April 23, 2014
Many Internet Service Providers Offer Slower-Than-Advertised Service
redOrbit Staff & Wire Reports - Your Universe Online
The majority of major Internet providers fail to deliver the transfer rate speeds they promise to their customers, according to data provided by broadband metrics company Ookla and its Speedtest.net service.
According to the Wall Street Journal, who used the speed-testing data to analyze the Internet transfer rates of about 800 US cities and 27 service providers, the “vast majority” of companies fail to deliver the speeds that they promise to their customers.
The results found that Midcontinent Communications, EarthLink, Optimum Online, WideOpenWest, Verizon Fios and Charter Communications delivered speeds that were faster than promised, while Cox Communications was neither faster nor slower than its advertised rate claimed.
Most other ISPs had lower-than-advertised transfer rates, with Clear Wireless (41 percent lower), Windstream Communications (30 percent lower) and Cable One (30 percent lower) at the bottom of the list. Among other prominent Internet providers, Verizon Internet Services was 23 percent lower, AT&T U-Verse was 8 percent lower, Comcast Cable was 2 percent lower and Time Warner Cable was 1 percent lower.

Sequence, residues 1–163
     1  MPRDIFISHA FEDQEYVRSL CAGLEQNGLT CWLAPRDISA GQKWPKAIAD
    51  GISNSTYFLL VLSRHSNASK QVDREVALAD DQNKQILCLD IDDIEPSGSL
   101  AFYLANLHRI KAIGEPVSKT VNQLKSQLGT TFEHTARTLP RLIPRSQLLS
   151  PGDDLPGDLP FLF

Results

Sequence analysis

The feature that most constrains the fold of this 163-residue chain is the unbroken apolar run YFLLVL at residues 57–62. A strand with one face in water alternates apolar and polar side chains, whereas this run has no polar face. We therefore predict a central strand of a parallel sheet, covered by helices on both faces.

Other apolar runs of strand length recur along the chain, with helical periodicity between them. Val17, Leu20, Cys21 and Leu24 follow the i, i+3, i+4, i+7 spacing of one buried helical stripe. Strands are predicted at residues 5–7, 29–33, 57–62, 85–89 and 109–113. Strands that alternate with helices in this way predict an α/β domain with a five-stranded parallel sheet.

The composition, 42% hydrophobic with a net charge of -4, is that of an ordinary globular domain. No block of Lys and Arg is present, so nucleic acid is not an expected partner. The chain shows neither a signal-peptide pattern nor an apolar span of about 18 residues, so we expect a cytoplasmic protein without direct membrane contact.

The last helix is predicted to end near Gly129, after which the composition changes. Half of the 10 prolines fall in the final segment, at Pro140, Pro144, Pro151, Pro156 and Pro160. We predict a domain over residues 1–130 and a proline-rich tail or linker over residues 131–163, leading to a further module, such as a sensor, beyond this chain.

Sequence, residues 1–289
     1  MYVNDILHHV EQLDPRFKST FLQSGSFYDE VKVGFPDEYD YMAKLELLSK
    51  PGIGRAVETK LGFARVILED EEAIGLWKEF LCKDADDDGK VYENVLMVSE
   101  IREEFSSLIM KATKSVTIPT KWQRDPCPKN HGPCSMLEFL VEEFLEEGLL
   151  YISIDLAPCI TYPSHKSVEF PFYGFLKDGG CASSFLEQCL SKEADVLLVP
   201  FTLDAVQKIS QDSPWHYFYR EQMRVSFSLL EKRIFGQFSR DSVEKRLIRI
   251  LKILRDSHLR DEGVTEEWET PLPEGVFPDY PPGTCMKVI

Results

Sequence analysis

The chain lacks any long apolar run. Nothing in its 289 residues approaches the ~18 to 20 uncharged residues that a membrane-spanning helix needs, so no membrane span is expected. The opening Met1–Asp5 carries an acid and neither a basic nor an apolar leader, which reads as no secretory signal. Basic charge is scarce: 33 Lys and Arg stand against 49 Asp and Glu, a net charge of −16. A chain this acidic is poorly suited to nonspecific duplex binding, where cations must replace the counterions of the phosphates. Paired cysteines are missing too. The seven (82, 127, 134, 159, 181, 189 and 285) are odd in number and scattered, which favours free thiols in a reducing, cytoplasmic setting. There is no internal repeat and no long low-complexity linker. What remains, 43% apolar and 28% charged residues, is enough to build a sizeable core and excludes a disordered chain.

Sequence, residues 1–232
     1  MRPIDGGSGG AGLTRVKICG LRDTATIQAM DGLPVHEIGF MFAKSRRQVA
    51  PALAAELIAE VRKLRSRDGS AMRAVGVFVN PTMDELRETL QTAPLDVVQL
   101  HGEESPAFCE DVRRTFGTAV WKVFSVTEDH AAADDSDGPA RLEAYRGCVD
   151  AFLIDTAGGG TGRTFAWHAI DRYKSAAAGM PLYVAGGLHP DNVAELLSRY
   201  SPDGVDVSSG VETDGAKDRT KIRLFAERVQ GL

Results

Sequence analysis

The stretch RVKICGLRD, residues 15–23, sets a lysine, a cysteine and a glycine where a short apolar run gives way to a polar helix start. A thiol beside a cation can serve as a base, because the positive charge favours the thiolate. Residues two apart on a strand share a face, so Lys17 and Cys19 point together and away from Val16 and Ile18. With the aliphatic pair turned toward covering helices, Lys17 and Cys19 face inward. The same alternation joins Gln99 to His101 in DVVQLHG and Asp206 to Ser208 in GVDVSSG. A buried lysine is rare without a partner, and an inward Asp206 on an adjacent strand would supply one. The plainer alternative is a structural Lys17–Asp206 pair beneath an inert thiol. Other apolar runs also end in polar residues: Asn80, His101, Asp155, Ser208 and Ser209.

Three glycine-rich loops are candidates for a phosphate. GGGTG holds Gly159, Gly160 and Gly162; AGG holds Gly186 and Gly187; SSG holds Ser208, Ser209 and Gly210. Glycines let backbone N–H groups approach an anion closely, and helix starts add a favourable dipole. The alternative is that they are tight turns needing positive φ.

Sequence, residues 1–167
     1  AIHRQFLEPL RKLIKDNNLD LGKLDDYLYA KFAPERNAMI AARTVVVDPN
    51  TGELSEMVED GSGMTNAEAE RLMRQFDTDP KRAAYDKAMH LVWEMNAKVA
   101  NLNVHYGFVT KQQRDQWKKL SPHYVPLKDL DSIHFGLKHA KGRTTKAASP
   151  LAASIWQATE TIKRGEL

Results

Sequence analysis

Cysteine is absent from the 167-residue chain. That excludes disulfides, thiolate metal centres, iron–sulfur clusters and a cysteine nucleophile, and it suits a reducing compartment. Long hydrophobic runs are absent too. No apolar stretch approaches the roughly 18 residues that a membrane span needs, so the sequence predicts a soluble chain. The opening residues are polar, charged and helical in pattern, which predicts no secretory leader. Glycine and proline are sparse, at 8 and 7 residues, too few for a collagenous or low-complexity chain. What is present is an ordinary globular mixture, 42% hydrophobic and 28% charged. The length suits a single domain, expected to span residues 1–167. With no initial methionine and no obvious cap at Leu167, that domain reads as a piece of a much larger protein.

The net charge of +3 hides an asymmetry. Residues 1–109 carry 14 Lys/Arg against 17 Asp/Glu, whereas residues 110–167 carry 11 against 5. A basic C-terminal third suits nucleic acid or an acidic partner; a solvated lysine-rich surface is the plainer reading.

The reason that companies like Charter and Earthlink exceeded their promised speeds, explained Engadget’s Timothy J. Seppala, is because they are “smaller providers, with likely lighter user-loads than, say, Comcast or CenturyLink.”
“If you're curious where delivered rates jive most consistently with what's advertised, Trenton, New Jersey, leads the country with download speeds exceeding advertised numbers by over nine percent. Yes, we're surprised too,” he added. “On the other side of that coin, however, Idaho has three cities where customers are only getting between 50 percent and 59 percent of the transfer-rates they're paying for.”
Seppala explained that the cities with the slowest Internet speeds are similar in several ways. For one thing, they tend to be smaller geographically, less populated than larger cities and located “in the middle of nowhere.” The Ookla data was derived from tens of millions of speed test, as well as questionnaires completed by nearly 650,000 Speedtest users over the course of the past 12 months.
“Nationwide, some of the best cities to live in terms of Internet access includes Sierra Vista, Az., which is +8 percent; and Clearwater, Fla., which is +6 percent,” added Gizmodo writer Tricia Duryee. “In Washington, three cities are provided speeds as advertised in Olympia, Lynnwood and Yakima. Pullman is the furthest off, at -25 percent and Seattle falls just below expectations at -14 percent.”